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USU Distance Ed is ranked nationally

staff writer

Published: Thursday, January 30, 2014

Updated: Thursday, January 30, 2014 01:01

distance education

Kylee Larsen

Blair Larsen talks about fault lines in her Monday night GEO 3100 course. The class is part of USU's Regional Campuses and Distance Education Program, the only Utah program of its kind ranked recently in a national report.


USU’s Regional Campuses and Distance Education Program was recently ranked 48th in the nation as part the 2014 edition of the U.S. News and World Report.

According to Robert Wagner, vice provost of Distance Education, more than 2,000 schools submitted applications and just more than 200 schools received a ranking. No other school in Utah was ranked in the list.

“Our program provides access to education in flexible ways,” Wagner said.

One of the options students can take is online courses. USU offers more than 350 online courses and eight online bachelor degrees. There are also six online master’s degrees. The master’s online program ranked 70th in the same report.

Rankings in the U.S. News and World Report were based on five requirements: student engagement, faculty credentials, peer reputation, student services and technology.

According to Wagner, part of the success of the program stems from the land-grant mission USU follows. USU has a presence in each county in Utah, either through the regional campuses or the smaller education centers. Classes are also available through broadcast courses.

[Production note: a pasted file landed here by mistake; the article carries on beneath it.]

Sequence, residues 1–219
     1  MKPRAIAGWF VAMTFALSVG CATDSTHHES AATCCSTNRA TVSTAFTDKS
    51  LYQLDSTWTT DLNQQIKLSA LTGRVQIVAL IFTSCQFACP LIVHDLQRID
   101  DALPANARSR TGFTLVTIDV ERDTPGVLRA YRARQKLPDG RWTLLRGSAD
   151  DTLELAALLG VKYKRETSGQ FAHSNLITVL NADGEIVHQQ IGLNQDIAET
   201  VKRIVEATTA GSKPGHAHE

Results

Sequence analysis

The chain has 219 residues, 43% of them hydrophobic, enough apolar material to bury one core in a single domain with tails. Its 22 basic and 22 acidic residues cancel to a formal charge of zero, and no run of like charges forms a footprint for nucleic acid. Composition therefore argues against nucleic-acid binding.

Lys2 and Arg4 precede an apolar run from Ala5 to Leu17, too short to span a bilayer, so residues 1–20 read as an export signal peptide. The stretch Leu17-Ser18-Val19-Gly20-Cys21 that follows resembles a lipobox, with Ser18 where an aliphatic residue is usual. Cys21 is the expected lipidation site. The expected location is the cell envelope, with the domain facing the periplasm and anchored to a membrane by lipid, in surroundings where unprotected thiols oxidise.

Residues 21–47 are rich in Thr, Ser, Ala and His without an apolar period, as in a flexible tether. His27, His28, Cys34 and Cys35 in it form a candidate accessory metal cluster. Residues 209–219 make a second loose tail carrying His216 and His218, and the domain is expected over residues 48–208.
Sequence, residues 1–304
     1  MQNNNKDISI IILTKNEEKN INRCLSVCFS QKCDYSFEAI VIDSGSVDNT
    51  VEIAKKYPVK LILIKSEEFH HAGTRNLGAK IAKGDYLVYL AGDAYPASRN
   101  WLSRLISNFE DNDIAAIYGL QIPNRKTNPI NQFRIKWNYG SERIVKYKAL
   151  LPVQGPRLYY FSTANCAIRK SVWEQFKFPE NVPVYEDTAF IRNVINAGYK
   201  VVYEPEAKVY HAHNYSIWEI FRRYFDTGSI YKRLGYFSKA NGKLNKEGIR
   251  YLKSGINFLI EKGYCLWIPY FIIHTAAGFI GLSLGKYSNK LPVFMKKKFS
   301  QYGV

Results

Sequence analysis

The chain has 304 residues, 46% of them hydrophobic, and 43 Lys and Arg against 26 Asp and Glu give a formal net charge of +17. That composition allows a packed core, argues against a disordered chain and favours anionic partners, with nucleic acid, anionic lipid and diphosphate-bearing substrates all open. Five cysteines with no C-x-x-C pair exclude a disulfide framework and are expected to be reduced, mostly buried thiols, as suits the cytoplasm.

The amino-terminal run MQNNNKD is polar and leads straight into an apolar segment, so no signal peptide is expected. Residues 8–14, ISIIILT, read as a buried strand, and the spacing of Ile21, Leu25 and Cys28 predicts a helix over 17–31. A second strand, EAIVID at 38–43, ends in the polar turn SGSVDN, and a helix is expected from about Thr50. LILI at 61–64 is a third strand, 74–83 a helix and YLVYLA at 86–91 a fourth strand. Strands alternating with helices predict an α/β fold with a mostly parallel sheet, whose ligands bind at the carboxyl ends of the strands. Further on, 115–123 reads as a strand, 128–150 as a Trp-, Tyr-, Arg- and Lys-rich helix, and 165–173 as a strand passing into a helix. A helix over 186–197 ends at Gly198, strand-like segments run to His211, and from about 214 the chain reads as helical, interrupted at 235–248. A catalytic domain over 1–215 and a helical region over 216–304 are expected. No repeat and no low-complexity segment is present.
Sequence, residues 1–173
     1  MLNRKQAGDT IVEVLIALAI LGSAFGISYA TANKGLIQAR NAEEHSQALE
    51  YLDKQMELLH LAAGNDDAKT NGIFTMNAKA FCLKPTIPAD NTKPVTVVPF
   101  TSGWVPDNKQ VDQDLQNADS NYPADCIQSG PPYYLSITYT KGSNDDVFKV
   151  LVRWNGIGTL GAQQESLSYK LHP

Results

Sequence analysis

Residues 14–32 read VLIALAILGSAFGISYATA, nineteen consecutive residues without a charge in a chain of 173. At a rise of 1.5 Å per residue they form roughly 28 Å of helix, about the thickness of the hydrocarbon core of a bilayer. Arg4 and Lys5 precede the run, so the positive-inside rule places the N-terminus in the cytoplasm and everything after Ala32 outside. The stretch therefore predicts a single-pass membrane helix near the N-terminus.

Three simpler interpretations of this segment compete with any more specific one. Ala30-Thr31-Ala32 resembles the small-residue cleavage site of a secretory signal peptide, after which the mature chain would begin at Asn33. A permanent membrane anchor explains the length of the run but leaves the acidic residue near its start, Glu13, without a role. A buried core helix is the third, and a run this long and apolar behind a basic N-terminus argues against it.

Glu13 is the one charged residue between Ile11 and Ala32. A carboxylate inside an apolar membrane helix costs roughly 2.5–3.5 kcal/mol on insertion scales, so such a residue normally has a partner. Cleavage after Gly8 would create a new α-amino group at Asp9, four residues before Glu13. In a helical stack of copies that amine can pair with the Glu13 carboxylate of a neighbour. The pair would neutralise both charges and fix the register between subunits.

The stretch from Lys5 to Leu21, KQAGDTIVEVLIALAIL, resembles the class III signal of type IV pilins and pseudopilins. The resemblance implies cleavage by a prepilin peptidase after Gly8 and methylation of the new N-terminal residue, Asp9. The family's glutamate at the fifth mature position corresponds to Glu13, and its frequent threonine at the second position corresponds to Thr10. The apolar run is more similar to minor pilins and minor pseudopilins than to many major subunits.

More than 500 faculty are employed by the program. Angie Minichiello, principal instructor of engineering at the Brigham City Regional Campus, has been involved in the Distance Education program for the last five years.

“It’s a great program,” Minichiello said. “It fills an important need,”

Minichiello said one of the benefits of the program is the availability of classes in the evening. Many of her students are in their late 20s or 30s and are balancing families and work while also getting a degree. The program also provides an environment for a variety of learning styles.

Minichiello said the technology has had its drawbacks, as a large portion of the student interaction comes through computers. However, the technology has recently seen several improvements.

“Because of the technology, there are always new approaches,” Minichiello said.

Minichiello echoed Wagner in expressing that the primary benefit of the Distance Education program is the flexibility it provides in earning a degree.

Josh Mason, a sophomore in mechanical engineering, said he benefited from this increased access. As a father of six kids, his close proximity to the Brigham City campus has been a part of his success.

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